- The outdoor space: While a large backyard may sound ideal, it usually means extra maintenance. Unless a gardener is included in the lease, looking after the lawns and trimming the hedges will be your responsibility. It’s important to understand this expectation and to make sure you can fulfil it.
- What’s over the fence: Further to checking out the broader neighbourhood, it’s worthwhile checking out the property’s immediate surrounds. This is particularly important for ground floor properties, where there are usually extra privacy and security concerns.
Make sure you do your research before the inspection and know what to expect from property in the area. This is particularly important if you are new to the city (or country) as property can vary greatly from place to place.
You should also make sure you understand local tenancy laws (often easily accessible online) and what will be expected from you as a renter. This could include how much rent and bond are required upfront to secure a property, when payments are due (weekly / fortnightly / monthly), how payments are made, and to whom. And when you are approved for a property, ALWAYS read the lease agreement, even if you have rented before, because tenancy laws can change.
What to ask a Property Manager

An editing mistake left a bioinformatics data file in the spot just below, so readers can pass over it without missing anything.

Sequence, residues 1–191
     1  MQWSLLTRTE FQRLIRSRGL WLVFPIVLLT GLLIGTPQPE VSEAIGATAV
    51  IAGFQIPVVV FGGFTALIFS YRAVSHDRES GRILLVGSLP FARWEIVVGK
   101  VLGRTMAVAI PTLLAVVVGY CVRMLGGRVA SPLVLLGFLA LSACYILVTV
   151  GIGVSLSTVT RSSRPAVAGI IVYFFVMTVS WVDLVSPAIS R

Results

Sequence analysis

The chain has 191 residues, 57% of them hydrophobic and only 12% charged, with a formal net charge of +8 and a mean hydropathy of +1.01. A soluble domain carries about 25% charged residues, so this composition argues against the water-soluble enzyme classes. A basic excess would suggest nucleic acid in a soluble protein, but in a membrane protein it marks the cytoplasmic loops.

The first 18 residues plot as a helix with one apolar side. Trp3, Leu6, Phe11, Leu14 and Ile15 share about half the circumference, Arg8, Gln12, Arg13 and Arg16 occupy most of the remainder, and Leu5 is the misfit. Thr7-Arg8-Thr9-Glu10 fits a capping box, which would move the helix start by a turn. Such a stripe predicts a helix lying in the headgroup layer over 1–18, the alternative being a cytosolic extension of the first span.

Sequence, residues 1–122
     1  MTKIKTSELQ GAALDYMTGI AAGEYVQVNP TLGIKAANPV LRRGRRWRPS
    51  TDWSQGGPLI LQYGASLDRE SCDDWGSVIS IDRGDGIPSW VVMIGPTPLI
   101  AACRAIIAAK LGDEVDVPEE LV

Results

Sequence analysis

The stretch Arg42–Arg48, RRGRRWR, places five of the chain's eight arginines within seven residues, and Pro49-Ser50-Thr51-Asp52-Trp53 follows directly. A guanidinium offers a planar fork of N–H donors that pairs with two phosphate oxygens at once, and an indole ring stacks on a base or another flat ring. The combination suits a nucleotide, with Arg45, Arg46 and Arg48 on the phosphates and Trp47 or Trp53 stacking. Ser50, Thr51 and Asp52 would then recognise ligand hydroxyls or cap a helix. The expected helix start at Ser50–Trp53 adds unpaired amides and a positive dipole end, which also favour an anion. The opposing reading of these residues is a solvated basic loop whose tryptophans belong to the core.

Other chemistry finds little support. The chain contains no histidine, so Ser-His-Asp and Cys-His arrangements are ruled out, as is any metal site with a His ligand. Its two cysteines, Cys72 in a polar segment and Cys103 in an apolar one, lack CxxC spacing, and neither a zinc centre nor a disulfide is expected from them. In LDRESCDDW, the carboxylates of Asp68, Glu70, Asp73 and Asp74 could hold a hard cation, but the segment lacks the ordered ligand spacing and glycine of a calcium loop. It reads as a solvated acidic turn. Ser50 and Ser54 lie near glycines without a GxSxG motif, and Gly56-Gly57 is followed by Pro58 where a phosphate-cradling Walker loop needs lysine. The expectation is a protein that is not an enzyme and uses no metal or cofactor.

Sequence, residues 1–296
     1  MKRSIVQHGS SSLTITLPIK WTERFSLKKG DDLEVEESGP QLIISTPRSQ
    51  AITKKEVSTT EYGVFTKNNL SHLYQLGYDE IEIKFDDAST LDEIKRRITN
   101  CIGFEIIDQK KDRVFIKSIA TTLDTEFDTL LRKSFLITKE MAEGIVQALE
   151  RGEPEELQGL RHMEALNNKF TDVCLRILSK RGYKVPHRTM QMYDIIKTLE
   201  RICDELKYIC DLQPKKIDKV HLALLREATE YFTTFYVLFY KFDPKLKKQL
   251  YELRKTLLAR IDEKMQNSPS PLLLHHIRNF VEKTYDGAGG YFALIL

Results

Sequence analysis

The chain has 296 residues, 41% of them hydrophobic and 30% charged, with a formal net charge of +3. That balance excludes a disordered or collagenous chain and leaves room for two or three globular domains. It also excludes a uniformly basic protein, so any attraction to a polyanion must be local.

At its heart, the rental application process is a competitive one. With that in mind, many tenants are encouraged to speak to the Property Manager/Leasing Agent running any inspections they attend. While this could help you stand out from the crowd, it’s not always practical.
Inspections can be extremely busy for Property Managers. They have to open the place up, take tenant details, monitor interest, provide application details, and lock up when they’re done. Many also run multiple inspections a day and usually need to get away on time to make their next appointment.
As such, you should only ask questions if time allows and try to keep it brief. I recommend focusing on key features of the property and things you wouldn’t otherwise be able to find out, like:
- Why the current tenants are vacating – though they may not be able to share this with you.
- If the property is owner occupied, are the owners planning to renovate or demolish in the near future. If you are looking for a long-term lease, such plans may make a place unsuitable.
Perseverance is the key
The best advice I can offer anyone looking for a rental is not to get discouraged. The process can take time and getting knocked back is always disappointing. However, with careful research and a little perseverance, you should be able to find – and secure – somewhere you love.
As Principal of Your Home Hunter – Australia’s premier renters advocacy service – Wendy Eva-Scott works with time poor professionals to find the right rental property. As the first point of call for property managers looking for quality tenants, she takes the stress out of securing a rental by managing the entire process – from working through the wish list to securing the lease, and following up after the move in date.
So, if you’re considering alternatives to full-service relocation, and are wondering whether working with a Renters Advocate could be beneficial to your company, give Wendy a call.